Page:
In decision T 0719/12, an EPO Board of Appeal was asked to consider whether or not the disclosure of a compound by name, together with an apparent failed attempt at its synthesis, constituted a novelty-destroying disclosure of that compound.

The patent at issue included two claims relating to compounds containing an amine group.The respondent to the appeal (who had successfully argued for revocation of the patent at opposition) claimed that the invention according to these claims lacked novelty in view of an academic journal article from 1942 (D1). For an invention to lack novelty, two criteria need to be fulfilled. Firstly, the invention must be disclosed in a single prior art document. Secondly, that disclosure of the invention must be enabling – that is, a skilled person must be able to put the invention into practice on the basis of the disclosure and their common general knowledge. A secondary amine that falls under the general formulae of the claims was indeed disclosed by name in D1, a fact which neither party disputed. However, the parties disputed whether or not the disclosure would have enabled the skilled person to prepare the compound.

D1 is concerned with the synthesis of various amines. Due to the increased reactivity of secondary amines compared to primary amines, it is common for a primary amine to react once to form a secondary amine, and then further react to produce a tertiary amine. D1 reports an attempt to synthesise a secondary amine that falls under the general formulae of the claims. The compound is named, but it is clear from D1 that, despite attempting its synthesis, only the corresponding tertiary amine was isolated. Further attempts to convert the tertiary amine back to the secondary amine failed. Accordingly, the proprietor argued that the disclosure of D1 would not have enabled the skilled person to synthesise the named compound, and so the claims are novel.

The respondent’s main argument was that D1 did, in fact, provide an enabling disclosure of the named compound. The respondent claimed to have followed the procedure described in D1 and to have managed to isolate the named compound. Furthermore, they argued that there were other reaction routes available to the skilled person which could have been used to synthesise the compound. The respondent filed several documents related to these other reaction routes. The proprietor, however, counter-argued that the respondent’s attempt to repeat of the procedure of D1 was flawed – the reactants were heated using a different method, a further treatment was performed, and techniques which were not available to the skilled person at the time that D1 was published were used in their analysis. Accordingly, the proprietor argued that the repeated experiment was performed with the benefit of hindsight and should not be considered. Regarding the use of other routes to synthesise the compound, the proprietor contended that the cited documents were irrelevant as they did not relate to the specific compound, and that numerous documents needed to be combined to arrive at the proposed route.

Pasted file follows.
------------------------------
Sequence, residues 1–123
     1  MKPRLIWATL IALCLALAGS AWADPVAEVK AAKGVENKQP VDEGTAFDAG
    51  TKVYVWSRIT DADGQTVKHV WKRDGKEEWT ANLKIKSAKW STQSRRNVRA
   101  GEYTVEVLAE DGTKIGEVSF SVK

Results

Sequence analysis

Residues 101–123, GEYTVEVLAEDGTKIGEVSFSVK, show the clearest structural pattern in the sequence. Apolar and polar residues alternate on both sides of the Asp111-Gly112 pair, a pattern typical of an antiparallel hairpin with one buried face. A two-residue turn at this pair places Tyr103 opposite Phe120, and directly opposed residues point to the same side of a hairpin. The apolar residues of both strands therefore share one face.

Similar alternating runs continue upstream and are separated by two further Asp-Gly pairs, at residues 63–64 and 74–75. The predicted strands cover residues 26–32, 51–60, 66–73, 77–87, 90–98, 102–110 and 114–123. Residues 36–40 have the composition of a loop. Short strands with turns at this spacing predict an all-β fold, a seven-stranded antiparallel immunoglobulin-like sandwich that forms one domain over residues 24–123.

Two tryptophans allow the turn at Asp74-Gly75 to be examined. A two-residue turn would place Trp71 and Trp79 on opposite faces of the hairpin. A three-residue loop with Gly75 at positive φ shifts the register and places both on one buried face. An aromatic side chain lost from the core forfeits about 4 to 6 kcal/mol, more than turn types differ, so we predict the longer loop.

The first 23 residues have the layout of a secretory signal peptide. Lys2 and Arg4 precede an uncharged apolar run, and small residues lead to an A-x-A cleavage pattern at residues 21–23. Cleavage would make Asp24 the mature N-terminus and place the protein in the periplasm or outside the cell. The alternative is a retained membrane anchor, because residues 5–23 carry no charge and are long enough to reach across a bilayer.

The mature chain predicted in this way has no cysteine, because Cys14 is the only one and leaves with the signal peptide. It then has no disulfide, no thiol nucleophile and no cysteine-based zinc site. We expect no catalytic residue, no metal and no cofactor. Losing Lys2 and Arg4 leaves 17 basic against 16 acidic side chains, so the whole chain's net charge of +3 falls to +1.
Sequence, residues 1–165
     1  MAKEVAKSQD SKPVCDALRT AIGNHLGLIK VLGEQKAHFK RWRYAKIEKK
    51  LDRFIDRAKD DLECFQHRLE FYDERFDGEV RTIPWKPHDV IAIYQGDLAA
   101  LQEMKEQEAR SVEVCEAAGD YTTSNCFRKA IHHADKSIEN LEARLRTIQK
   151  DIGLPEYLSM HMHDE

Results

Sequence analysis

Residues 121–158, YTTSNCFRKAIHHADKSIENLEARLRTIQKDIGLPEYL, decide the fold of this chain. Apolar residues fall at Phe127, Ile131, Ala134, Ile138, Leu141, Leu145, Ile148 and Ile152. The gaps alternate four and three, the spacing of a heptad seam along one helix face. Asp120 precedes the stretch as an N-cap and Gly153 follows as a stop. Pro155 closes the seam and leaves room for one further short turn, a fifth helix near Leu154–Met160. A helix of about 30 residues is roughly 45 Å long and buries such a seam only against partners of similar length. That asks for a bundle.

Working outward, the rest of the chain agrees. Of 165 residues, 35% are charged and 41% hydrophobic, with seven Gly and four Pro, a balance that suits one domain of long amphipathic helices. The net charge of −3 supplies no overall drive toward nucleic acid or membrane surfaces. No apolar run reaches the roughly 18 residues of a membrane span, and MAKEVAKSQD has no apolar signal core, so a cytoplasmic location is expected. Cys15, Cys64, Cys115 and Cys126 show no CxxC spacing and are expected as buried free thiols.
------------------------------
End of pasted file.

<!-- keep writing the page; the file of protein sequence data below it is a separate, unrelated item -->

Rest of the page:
In its decision, the Board agreed with proprietor, stating that despite conditions “favouring the formation of the secondary amine…only the tertiary amine could be isolated… [and] no evidence could be obtained that the secondary amine was formed”. Regarding the respondent’s repeat of the experiment, the Board held that “it has not been shown that, on repeating the preparation of [the compound] exactly according to the method of D1… that the skilled person could not have overseen the formation of [the compound]. Thus, even if said compound had been present… this fact cannot be deduced from reading D1 alone... Hence, even if [the compound] were inevitably produced by the method described in D1, since its presence remained undetected by the skilled person, it has not been made available to the public.” The Board therefore set aside the decision to revoke the patent for lack of novelty and the case has been remitted to the Opposition Division for further consideration.

This decision builds on T 0206/83 (Herbicides), in which a document was not considered to be an enabling disclosure of a compound despite disclosing the compound’s structure and the synthetic route by which it was produced. The Board’s reasoning was based on the fact that the skilled person would not have been able to prepare the starting materials for the synthetic route using the teaching of the document or common general knowledge.

These two decisions reinforce the strict and objective nature of novelty analysis, which is a fundamental aspect of patent law at the EPO and throughout the world.